The first sign of the impending revolution was a cryptic message on Twitter on June 25: "The French Revolution is coming..." was posted by @TFRevolution. Then, months of silence.
The next volley was fired September 21, when both Twitter and Facebook received the warning, "Nobody expects The French Revolution..." A fan page had been set up on Facebook by The French Revolution, to compliment the Twitter page, and now the battle was ferociously joined. Over the next several days, both sites saw constant salvos:
• "Aren't you tired of having the same old thing spat back at you?"
• "Your patience with the Revolution will be rewarded"
• "Good morning. Hope you all have slept well. The Revolution never sleeps..."
• "In just a few short weeks, mysteries will be revealed. Stick with us, and thanks for following!"
• "October 13 will be a landmark day for the Revolution. Mark your calendars!"
I am personally not a fan of the "it's all a big mystery" approach to marketing. Oh, it works - these Revolutionaries certainly got people talking, trying to figure out what or who this was - but for me, the payoff better be well worth the wait for it not to be seem hokey and manipulative. Today being the landmark day, the big reveal turned out to be a letdown.
Wait, allow me to rephrase that: the big reveal turned out to be The Letdown, the excellent debut album from Lancaster's newest musical project, The French Revolution.
Friends Daniel French and Jeremy Bentley, each veterans of local bands, form the core of The French Revolution. The project began back in 2007 as both French and Bentley found themselves fed up with trying to play by the Corporate Music Industry's rules for establishing a career in music. As they wrote in the initial blog post at their long-standing MySpace page,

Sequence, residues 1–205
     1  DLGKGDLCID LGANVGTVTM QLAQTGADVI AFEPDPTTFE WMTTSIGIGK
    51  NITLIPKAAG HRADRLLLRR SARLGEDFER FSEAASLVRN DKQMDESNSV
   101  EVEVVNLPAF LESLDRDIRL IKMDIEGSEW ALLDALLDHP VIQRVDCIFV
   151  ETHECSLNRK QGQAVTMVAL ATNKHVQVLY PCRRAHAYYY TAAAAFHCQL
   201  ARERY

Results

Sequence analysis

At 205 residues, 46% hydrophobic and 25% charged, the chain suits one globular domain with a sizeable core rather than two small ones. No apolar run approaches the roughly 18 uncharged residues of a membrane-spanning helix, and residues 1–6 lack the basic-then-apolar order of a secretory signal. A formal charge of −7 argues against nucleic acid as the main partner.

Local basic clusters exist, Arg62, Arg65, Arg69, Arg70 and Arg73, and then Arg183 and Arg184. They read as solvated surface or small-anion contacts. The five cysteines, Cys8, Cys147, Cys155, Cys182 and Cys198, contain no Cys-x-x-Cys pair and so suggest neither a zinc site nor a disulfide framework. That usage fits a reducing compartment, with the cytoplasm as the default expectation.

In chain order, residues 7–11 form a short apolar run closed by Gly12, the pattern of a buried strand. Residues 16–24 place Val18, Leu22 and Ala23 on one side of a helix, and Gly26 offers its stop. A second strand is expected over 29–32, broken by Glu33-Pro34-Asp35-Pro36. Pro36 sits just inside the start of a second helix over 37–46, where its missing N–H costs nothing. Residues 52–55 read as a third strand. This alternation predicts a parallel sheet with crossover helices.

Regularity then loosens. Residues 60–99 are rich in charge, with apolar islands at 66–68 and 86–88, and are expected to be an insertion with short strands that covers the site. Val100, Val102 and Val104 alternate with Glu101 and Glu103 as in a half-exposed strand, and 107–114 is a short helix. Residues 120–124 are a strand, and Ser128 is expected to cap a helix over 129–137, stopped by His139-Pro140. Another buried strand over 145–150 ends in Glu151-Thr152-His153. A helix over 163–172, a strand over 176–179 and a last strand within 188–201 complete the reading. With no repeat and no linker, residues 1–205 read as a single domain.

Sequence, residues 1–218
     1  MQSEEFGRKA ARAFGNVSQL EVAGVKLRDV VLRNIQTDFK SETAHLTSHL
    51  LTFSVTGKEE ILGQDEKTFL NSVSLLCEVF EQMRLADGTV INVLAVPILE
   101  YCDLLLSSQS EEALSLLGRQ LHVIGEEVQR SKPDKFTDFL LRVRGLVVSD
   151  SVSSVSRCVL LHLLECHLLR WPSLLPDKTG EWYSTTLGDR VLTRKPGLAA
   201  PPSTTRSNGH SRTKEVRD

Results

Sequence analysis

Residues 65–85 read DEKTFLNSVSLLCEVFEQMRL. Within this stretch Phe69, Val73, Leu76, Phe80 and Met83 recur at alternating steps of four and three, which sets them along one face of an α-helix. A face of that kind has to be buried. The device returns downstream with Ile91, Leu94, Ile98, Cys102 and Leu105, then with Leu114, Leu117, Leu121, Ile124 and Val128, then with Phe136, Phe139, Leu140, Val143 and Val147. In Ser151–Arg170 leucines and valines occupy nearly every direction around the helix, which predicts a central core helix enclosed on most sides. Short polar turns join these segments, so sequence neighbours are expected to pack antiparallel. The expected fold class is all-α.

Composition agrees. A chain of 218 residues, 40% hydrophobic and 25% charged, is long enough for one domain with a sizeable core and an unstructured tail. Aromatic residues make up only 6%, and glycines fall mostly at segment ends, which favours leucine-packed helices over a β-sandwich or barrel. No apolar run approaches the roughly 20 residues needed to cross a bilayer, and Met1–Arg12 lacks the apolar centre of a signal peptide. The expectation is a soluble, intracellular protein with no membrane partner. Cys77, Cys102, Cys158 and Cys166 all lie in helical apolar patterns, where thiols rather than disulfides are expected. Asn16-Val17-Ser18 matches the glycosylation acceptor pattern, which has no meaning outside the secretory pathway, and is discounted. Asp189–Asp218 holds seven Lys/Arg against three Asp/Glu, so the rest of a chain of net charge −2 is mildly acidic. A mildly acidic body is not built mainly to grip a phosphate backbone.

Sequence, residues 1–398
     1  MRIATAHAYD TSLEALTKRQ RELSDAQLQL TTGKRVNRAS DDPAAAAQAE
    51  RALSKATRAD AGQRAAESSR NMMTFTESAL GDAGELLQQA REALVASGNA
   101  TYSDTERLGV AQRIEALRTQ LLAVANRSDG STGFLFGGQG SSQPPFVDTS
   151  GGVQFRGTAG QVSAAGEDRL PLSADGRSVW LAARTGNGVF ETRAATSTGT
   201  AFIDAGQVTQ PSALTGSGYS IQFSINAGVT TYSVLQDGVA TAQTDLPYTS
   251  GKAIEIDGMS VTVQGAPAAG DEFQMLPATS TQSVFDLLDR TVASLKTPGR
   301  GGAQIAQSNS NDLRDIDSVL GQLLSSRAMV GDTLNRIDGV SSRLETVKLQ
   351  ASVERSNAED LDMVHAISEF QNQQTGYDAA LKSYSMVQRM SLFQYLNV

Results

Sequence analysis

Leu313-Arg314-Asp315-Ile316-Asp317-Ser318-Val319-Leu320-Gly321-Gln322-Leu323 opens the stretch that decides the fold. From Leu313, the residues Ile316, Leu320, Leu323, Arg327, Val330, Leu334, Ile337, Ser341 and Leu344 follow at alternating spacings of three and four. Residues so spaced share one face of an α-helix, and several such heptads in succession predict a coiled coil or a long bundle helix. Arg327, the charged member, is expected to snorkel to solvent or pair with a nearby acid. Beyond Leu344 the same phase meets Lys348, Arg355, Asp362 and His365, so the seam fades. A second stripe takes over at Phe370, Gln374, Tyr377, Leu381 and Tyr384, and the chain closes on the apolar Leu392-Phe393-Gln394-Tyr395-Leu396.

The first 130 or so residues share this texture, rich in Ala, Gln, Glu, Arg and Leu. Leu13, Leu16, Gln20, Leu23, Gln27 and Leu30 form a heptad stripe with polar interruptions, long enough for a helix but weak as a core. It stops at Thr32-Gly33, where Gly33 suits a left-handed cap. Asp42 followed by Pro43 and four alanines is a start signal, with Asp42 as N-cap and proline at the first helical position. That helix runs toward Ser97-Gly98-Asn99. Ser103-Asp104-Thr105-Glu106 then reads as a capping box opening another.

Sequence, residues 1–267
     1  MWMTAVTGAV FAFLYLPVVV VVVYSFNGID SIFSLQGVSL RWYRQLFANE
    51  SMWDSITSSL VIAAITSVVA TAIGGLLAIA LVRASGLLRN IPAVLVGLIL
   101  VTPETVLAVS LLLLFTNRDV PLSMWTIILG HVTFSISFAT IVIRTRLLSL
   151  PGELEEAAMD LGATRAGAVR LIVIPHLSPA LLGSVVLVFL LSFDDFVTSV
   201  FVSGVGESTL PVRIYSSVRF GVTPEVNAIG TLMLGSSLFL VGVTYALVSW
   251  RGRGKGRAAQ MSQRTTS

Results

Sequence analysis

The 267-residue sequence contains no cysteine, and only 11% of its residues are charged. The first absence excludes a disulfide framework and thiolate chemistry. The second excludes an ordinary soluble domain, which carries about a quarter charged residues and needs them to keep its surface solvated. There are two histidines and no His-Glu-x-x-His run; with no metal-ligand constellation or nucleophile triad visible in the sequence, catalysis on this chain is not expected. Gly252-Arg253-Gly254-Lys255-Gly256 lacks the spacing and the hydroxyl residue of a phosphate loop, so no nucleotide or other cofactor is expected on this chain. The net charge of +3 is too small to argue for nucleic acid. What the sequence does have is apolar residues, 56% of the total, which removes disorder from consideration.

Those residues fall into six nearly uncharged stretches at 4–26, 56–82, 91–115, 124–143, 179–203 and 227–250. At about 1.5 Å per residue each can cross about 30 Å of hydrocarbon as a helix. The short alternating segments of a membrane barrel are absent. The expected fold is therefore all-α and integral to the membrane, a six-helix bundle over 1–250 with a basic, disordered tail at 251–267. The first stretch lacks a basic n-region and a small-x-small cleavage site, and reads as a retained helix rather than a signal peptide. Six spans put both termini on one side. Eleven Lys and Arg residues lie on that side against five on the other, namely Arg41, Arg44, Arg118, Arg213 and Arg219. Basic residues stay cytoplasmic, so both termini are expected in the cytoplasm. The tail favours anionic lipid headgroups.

"...once you forget the fun involved in creating and giving your music, and start playing it for reasons beyond the pure joy of it (say... to impress labels, or get on tours with bands you don't really like but who have more "industry clout," to try and get a deal with an agent, etc. etc. etc. the list goes on and on and on), the life and joy tends to get sucked right out of music."
Feeling drained and frustrated, French and Bentley made a pact to thumb their nose at the whole machine and go back to making the music they want to make, sharing it with people who enjoy it, and above all else having fun doing what they love to do: writing and playing rock music. Today, that vision has resulted in The Letdown, a thoroughly enjoyable collection of a dozen tunes available for free download both at their own site and through Gimme Sound.com.
Supported by fellow Revolutionaries Patrick Kirchner (of the band Slimfit) and Matt Campbell (of Ex Education), French and Bentley aren't necessarily breaking any new ground here, but that's entirely by design. This is Cheap Trick wearing a Green Day costume; this is what was good about '70s-'80s-'90s rock without all the pompous overblown overtones; this is every alternative band reimagined as mainstream rockers; this is power chords and ra-ta-tat-tat drums and a party that overflows into the street. It is, simply, a FUN album - almost an anachronism in today's musical universe.
And, in the ultimate gesture of disdain for the Industry they have turned their back on, they're giving the whole shebang away for free! It's not about anything more than the music, period - it's not business, it's not product, it's music that is meant to be shared and enjoyed.
A follow up album is in the works already, this time as a three-piece with guitarist Jason Sherman. Bentley says, "Each new album by TFR will most likely include a different member, or changed membership, to spice things up and add different influences, but it will always be the core of Daniel and myself for as long as we wish to continue The French Revolution." If they keep making music like this, let's hope this Revolution goes on for quite awhile!
Listen to my personal favorite cuts from the album, "WMD" and "Force Field":
Then, go download the whole album and join the Revolution!